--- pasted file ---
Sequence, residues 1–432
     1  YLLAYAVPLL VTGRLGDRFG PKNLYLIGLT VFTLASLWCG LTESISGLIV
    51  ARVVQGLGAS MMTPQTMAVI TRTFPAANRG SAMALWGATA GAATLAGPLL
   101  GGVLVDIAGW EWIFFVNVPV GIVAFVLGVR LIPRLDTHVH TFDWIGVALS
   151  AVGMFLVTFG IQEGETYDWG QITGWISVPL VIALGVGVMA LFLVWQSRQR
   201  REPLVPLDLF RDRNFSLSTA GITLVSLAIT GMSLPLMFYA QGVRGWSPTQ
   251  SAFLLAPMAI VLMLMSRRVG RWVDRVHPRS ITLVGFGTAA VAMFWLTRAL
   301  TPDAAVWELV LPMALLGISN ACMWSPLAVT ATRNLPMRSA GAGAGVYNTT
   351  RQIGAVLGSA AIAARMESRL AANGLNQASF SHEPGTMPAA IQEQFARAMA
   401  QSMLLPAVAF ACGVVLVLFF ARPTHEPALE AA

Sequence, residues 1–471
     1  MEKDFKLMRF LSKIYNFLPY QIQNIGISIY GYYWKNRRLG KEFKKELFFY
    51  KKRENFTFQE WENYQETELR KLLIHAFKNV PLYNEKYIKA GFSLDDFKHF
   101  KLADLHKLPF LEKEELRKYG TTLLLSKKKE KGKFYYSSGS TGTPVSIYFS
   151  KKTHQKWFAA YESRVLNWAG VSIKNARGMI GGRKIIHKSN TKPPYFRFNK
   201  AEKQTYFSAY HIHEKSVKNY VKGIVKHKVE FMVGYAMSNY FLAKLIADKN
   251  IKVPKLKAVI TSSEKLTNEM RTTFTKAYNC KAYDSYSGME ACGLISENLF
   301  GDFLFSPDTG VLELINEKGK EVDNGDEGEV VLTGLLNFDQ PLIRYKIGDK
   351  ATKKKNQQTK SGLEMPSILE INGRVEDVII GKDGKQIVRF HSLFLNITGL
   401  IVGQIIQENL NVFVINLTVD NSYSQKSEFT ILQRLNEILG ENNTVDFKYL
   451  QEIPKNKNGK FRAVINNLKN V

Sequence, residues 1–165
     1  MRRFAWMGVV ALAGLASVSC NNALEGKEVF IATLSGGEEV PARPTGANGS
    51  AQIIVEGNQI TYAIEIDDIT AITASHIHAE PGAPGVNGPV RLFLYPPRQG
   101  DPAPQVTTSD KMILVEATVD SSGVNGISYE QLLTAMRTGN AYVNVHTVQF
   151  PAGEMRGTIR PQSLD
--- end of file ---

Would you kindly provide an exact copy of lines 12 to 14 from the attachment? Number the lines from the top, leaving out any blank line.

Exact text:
     1  MEKDFKLMRF LSKIYNFLPY QIQNIGISIY GYYWKNRRLG KEFKKELFFY
    51  KKRENFTFQE WENYQETELR KLLIHAFKNV PLYNEKYIKA GFSLDDFKHF
   101  KLADLHKLPF LEKEELRKYG TTLLLSKKKE KGKFYYSSGS TGTPVSIYFS